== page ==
There’s been a lot of memes posted lately about how the movie Back to the Future II described things we’d find in 2015 now that we’ve turned that page, but Only to Rise by Sweet & Lynch is almost like taking a trip back in time. First of all, George Lynch (Lynch Mob , Dokken) and Michael Sweet (Stryper) on the same album? What? How? Better yet, why did it take so long?
As I was growing up, George Lynch was one of my favorite guitarists. Back in Christmas of 1986, I received my first Sony Discman cd player but no cd’s and the first one I listened to was Dokken. I still remember that like it was yesterday. In fact, I was only able to borrow that one cd from a buddy, so I listened to is a fair amount that vacation, marveling at the wonders of a cd compared to my cassettes. Unfortunately, for a host of reasons, I never really did appreciate Stryper when they were at their peak and a bit younger (around the same time), but after getting a chance to review …. and seeing them live, I can say that I am now a fan, so with that in mind, Sweet & Lynch, which also includes past members from bands like Whitesnake, White Lion, and Megadeth has on paper a lineup with great potential. Everyone knows about Sweet and Lynch, but for this project they recruited a rhythm section with plenty of experience. James Lomenzo on bass has been with the likes of Megadeth, White Lion, and Black Label Society, and Brian Tichy on drums lists Whitesnake on his resume. Perhaps most importantly, when you look at their past bands, you can see how they’ve both been involved with other legendary names in 80’s style metal/hard rock in terms of vocalists and guitarists, so this project likely seemed like old times.
From the very opening guitar of “The Wish” and into the verse section, there is no escaping the 80’s metal coming out. The song has everything you remember from the era, the soaring vocals even in the verse sections, the ever-present thumping bass driving the song, the harmonies in the backing vocals, the cool opening guitar and one of the more extended and blistering solos on the album. Great song to open the album.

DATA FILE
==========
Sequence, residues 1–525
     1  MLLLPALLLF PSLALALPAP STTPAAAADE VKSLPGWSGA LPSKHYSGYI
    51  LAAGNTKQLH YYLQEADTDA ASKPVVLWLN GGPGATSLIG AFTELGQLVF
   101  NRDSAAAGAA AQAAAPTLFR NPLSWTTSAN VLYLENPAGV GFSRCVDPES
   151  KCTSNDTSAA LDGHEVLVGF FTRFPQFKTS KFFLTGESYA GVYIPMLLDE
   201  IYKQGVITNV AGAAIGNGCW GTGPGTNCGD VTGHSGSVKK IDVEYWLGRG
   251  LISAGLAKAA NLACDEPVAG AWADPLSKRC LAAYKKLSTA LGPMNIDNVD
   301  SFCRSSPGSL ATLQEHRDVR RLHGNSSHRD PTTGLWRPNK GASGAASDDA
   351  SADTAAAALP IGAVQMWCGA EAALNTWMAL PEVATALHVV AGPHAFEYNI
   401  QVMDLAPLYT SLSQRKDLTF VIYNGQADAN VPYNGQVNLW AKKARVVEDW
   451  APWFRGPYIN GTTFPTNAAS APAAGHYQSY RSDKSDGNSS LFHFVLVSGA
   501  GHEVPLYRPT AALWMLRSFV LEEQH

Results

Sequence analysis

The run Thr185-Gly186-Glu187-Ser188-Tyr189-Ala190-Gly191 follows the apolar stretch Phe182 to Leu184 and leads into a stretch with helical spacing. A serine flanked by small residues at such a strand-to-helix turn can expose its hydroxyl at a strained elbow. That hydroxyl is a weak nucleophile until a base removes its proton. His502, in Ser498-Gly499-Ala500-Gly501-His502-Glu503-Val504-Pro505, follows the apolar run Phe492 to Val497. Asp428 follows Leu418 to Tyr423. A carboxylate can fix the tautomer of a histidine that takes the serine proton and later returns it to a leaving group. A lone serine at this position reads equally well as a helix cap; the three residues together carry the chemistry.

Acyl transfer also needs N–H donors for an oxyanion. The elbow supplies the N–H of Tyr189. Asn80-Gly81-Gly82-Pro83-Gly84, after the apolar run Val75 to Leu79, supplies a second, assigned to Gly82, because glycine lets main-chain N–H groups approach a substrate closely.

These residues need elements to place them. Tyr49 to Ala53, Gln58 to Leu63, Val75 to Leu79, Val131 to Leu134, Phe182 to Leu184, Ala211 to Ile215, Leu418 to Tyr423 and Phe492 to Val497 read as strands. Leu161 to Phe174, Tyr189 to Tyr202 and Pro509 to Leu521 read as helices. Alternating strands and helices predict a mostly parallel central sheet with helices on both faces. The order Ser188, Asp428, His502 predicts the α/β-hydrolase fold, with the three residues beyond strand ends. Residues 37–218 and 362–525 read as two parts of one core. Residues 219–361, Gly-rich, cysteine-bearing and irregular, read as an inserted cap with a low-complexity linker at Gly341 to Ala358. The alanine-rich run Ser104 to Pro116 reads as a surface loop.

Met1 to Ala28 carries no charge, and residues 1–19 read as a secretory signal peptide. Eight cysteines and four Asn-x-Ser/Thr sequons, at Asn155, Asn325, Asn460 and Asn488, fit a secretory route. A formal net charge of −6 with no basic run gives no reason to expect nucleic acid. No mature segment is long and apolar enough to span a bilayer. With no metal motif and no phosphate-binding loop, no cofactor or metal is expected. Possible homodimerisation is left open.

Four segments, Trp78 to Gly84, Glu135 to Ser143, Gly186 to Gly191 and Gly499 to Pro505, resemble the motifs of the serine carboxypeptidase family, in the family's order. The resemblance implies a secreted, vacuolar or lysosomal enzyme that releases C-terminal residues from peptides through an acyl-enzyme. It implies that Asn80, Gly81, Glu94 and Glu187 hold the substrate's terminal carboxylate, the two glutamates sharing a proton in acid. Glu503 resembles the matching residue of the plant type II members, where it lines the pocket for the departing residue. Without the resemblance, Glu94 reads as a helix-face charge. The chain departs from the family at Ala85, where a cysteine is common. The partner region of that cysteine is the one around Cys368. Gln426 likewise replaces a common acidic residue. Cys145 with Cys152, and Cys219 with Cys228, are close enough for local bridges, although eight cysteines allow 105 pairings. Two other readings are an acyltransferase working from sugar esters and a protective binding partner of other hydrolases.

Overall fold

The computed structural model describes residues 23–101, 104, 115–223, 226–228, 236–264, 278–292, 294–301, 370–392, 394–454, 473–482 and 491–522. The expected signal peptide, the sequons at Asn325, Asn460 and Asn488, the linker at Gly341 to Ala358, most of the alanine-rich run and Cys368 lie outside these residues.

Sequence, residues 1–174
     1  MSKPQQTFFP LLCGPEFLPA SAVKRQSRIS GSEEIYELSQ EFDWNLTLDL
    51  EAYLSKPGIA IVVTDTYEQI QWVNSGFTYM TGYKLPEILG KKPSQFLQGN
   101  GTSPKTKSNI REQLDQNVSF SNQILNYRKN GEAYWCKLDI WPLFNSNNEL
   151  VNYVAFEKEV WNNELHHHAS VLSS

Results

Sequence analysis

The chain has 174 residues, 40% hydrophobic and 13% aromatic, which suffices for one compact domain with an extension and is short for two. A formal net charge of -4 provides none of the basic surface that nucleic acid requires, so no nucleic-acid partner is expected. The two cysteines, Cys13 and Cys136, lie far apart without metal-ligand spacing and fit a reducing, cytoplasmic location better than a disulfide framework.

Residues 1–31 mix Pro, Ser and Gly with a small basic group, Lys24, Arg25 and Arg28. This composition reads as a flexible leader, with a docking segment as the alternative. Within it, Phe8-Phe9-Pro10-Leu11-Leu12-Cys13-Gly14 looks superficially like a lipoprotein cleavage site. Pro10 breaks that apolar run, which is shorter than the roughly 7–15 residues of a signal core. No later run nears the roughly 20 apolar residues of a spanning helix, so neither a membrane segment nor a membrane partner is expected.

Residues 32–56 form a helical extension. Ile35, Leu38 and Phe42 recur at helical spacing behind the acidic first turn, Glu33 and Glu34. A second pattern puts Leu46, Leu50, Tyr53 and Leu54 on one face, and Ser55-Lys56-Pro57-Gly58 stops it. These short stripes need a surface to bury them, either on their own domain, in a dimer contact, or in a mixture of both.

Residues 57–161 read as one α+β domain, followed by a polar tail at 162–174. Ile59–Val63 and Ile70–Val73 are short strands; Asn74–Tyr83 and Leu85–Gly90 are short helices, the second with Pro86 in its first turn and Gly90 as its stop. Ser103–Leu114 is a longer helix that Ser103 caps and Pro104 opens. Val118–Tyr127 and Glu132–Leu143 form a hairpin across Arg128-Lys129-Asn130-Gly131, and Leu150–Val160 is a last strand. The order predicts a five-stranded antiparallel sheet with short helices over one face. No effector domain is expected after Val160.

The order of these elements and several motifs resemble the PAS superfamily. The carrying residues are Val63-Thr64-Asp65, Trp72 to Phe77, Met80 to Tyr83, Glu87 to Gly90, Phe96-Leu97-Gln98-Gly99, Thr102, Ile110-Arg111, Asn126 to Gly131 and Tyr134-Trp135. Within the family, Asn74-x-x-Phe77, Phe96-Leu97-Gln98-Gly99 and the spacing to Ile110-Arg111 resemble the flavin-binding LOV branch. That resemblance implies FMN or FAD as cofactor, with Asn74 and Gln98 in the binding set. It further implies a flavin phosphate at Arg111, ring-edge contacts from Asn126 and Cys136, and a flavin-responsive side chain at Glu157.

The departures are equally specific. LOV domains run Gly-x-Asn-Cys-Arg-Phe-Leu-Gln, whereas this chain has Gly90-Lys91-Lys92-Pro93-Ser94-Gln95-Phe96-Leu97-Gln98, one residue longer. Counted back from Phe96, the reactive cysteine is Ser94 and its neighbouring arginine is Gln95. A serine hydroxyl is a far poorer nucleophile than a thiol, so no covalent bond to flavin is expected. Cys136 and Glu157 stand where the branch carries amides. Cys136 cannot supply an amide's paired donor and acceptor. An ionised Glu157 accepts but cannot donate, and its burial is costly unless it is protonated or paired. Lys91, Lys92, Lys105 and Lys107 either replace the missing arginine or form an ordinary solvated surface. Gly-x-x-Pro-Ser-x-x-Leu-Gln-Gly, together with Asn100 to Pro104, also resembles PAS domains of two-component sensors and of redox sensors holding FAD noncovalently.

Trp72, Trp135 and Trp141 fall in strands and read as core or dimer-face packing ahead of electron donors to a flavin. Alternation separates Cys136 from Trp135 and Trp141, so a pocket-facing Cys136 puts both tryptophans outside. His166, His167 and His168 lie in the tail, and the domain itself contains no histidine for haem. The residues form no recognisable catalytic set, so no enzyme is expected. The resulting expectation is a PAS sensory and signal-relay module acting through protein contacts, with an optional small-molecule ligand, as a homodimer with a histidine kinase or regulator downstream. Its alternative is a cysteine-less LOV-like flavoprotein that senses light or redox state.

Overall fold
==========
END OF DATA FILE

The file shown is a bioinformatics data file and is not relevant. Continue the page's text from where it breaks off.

“Dying Rose” has a grittier feel to than other songs on the album and an abundance of guitar fills that give the song the feel of those all-star projects that we all loved so much. You know the ones, combine your favorite guitar players into a band and have them make an ep or something similar where they can take turns showing off. Something like Brian May’s Starfleet Project where he brought on Eddie Van Halen and those two took turns tearing up solos. This song is closer to my overall hopes for the album as it has that feel that all restraints were off and they were trying to showcase the bands talents as much as possible.
“Recover” and “Divine” both feature some dirty, groovy riffs that really drive the songs along, but they manage to stand apart from each other rather significantly with “Recover” being faster and showcasing Michael Sweet’s range, while “Divine” is slower with more of the spotlight on the guitars.